Furthermore, training your replacement can open doors to new opportunities within the union. As you develop your replacement, you may also gain exposure to different aspects of the union or take on new challenges. This expanded skill set can make you a more versatile and valuable asset to NATCA, potentially leading to career advancement.
Where NATCA sometimes misapplies this is in elected positions. Elections and campaigns have recently become a place where we went through the process of telling you, the member, who we have be training to become our replacement so you know who will be replacing us, essentially stripping the members of their fundamental power, which is their ability to elect their choice into office. The goal of training your replacement is to find a plethora of potential replacements, not just one. It is giving the membership a choice between highly qualified candidates, not a hand-picked successor. Most importantly, those in leadership positions need to be training their replacements long before they are ready to leave, because as elected officials, we don’t get to choose our replacements, you do!
The importance of training your replacement cannot be overstated. It is a practice that benefits individuals, teams, and organizations alike. It safeguards the union’s continuity, fosters collaboration internally, and demonstrates leadership and mentorship qualities. It also promotes a culture of knowledge sharing and personal growth. As professionals, we should embrace the responsibility of preparing our successors, recognizing that it is not just a duty but a strategic investment in the future, both for ourselves and for the organizations we serve.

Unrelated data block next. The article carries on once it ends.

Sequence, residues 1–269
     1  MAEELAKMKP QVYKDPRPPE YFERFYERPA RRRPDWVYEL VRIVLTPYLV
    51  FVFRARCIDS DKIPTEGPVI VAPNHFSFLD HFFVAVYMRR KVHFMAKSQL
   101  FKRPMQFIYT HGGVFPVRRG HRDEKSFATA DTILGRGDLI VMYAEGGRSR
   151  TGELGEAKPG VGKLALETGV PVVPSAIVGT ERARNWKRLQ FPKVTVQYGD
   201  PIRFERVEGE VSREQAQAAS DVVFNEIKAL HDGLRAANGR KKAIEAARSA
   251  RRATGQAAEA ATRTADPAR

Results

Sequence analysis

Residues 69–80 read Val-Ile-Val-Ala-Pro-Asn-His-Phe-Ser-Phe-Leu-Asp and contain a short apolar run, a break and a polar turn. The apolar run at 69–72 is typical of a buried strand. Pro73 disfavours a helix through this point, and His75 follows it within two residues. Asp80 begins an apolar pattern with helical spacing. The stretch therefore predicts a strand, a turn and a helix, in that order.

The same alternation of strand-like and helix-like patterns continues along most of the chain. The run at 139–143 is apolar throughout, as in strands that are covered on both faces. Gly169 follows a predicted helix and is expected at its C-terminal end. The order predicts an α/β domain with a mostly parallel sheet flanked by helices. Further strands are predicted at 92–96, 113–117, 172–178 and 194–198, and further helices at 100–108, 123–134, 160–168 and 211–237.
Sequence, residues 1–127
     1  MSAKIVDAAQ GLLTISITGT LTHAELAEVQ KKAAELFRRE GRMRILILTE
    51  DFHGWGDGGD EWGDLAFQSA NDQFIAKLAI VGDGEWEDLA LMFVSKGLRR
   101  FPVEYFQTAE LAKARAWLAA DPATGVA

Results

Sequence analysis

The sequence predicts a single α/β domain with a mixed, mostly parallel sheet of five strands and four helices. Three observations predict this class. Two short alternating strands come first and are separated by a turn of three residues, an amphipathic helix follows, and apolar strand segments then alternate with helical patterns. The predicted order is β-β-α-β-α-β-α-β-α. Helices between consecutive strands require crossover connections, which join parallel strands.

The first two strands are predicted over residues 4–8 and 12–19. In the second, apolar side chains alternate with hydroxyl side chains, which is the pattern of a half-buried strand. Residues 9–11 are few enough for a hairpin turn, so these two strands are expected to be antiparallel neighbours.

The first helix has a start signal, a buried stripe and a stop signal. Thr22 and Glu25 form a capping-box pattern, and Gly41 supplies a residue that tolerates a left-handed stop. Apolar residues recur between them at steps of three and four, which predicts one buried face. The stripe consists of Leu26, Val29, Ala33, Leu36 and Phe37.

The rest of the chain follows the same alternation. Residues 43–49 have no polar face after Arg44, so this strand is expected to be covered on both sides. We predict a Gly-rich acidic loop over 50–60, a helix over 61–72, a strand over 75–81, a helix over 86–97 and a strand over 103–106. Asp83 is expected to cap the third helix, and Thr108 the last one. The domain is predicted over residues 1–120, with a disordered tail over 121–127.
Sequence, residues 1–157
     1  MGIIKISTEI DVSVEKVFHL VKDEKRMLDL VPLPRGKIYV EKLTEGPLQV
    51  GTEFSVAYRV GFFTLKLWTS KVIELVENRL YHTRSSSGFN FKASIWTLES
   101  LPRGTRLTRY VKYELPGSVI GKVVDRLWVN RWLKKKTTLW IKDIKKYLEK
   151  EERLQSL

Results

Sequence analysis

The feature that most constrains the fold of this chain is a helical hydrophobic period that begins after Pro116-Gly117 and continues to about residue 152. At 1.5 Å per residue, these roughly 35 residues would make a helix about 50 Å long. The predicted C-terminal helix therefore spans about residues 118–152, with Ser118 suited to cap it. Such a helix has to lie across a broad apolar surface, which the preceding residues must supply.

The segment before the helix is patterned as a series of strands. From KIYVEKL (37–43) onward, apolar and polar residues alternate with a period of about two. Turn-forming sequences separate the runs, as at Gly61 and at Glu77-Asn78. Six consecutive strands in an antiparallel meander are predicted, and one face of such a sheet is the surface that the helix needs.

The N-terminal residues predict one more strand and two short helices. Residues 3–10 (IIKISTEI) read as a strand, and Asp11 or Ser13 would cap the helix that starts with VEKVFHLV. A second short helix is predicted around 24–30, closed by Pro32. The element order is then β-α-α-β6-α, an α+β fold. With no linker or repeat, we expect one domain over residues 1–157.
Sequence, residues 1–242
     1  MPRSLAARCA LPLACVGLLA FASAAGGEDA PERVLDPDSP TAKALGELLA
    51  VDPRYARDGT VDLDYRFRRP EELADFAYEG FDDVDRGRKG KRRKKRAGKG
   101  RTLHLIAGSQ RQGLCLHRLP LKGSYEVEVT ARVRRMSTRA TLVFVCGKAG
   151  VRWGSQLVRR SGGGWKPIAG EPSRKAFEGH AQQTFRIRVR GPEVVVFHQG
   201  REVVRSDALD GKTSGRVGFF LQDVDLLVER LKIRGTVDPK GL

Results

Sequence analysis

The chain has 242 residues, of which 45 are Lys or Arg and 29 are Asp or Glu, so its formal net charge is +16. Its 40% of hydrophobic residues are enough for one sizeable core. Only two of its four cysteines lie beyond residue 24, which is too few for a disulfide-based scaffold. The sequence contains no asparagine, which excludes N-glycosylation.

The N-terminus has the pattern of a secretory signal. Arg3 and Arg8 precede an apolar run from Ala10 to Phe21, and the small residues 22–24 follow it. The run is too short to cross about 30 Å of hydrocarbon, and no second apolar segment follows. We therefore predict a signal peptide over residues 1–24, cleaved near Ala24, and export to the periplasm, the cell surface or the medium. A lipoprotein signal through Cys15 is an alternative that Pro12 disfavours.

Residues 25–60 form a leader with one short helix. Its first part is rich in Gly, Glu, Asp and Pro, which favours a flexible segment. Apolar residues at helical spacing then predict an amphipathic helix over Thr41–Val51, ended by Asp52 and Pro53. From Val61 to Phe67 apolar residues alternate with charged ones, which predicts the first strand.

From Scott Robillard, NATCA New England ARVP
Hello NATCA New England.
Part of the role of the Regional Leadership Team (RVP, ARVP, LR Lead, and others) is to assist your FacRep in representing you at the facility level. That assistance comes in the form of providing access to education, providing advice and counsel, and sometimes direct assistance.
The region offers the most assistance during investigations. When the Agency initiates an investigation, they will make certain assumptions that will determine how they proceed forward and who is made aware of their contractual right to representation. Part of being a proactive Union Representative is challenging those “assumptions” and challenging when the Agency offers representation PRIOR to the interview with the employee occurring.
Below is a situation to consider. What do you think? Are you entitled to a Union Representative or not?
The Situation: There is an investigation into a broken driver’s door window of an Operational Supervisor’s (OS) car. The location where the OS parks is NOT covered by the security cameras. The Agency knows the incident occurred between 7:30am and 1:30pm. You worked a 1:30-9:30pm shift, and the Agency has decided to interview you. You are the first to be interviewed.
Q: Are you a witness or a subject?
Trick question because it can be both. It all depends on what the Agency knows when they decided to interview you. If all they know is that the window was broken and you were in the area around the time when it might have occurred, you are a subject.